Saturday, November 24, 2007

Offline Memories

This holiday weekend, J and I watched My Friend Ganesha and she loved it. Then came the questions about Ganesha specially about the ritual of immersing the idol in water at the end of Ganesh Chaturthi. At times like this I feel like a student who after studying for an exam is confronted with questions that are relevant to the material studied but are still unanswerable.

The stories of Hindu Gods and Goddesses were an integral part of my growing up. I knew the parables, layers of meaning and the rich symbolism that is associated with our rituals and festivals. I took for granted the pool of knowledge around me that I could dip into at will, without needing to learn or retain anything. The Google search on Hindu mythology was in the collective memories of several older family members who were always happy to retell a story I had forgotten in parts. It was comforting to know that the stories were in a safe place from where they would never be lost.

Whatever, I gleaned from listening to them must have been skin deep. When I start to explain the symbolism of Ganesha's elephant face to J , I find myself floundering and hesitating. The stories do not flow effortlessly the way I had heard them in my childhood. I am additionally challenged in trying to translate the nuances of Bengali into English in my retelling. The bare bones version of the stories have stayed with me but the rich tag cloud of context and cross references to other mythological characters, places and events has all but dissolved. J has to make do with with mismatched leftovers when she really deserved a rich feast.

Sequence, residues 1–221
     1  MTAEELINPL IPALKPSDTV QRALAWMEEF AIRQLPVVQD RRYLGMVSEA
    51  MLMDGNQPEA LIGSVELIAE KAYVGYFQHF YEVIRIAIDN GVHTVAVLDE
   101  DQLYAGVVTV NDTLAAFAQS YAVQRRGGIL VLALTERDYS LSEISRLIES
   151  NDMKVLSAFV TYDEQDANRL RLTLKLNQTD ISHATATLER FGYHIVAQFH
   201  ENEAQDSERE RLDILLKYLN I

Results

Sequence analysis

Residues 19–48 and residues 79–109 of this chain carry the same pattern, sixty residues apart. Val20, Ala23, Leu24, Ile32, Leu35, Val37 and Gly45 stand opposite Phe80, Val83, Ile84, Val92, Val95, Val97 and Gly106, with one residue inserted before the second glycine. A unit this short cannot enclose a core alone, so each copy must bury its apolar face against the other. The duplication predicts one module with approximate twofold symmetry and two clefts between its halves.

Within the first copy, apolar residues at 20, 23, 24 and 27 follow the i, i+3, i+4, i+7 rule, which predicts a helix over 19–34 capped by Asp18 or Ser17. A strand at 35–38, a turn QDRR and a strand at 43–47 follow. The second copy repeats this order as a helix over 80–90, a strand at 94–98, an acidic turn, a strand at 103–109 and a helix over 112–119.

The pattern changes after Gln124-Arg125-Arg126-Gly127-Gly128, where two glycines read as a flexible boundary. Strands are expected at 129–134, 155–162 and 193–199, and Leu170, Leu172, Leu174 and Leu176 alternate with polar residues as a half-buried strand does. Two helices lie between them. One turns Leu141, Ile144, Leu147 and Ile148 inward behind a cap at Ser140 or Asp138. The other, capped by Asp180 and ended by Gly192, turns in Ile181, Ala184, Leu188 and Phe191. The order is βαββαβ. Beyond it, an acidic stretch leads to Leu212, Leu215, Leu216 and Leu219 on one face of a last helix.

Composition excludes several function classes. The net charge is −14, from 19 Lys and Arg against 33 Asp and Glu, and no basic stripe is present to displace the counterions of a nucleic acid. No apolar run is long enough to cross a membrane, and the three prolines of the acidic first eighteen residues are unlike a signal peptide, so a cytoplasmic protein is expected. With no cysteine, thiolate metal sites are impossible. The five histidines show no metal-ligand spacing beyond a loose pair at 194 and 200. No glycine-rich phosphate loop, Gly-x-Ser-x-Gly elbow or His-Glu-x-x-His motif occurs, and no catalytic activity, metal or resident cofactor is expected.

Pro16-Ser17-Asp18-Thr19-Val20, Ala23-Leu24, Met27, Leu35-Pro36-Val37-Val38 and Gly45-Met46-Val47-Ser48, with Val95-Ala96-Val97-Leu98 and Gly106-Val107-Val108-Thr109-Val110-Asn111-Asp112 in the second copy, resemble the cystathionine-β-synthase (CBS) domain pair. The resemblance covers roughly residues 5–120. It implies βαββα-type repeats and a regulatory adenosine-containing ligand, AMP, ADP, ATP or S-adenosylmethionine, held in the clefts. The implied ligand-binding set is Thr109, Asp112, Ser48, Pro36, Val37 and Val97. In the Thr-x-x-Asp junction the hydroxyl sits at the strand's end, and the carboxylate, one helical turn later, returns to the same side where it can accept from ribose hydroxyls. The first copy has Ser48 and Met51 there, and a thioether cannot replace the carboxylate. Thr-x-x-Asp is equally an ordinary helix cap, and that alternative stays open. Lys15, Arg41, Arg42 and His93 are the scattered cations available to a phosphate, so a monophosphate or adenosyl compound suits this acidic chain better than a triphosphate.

When I hear a familiar name some connections around it flicker back to life in my memory ever so briefly but not long or deep enough to really tell a story in a meaningful or interesting way. I wonder if it is too late to try and make a permanent home for these stories in my own memory. Maybe I have a responsibility to replenish the pool instead of always borrowing from it.

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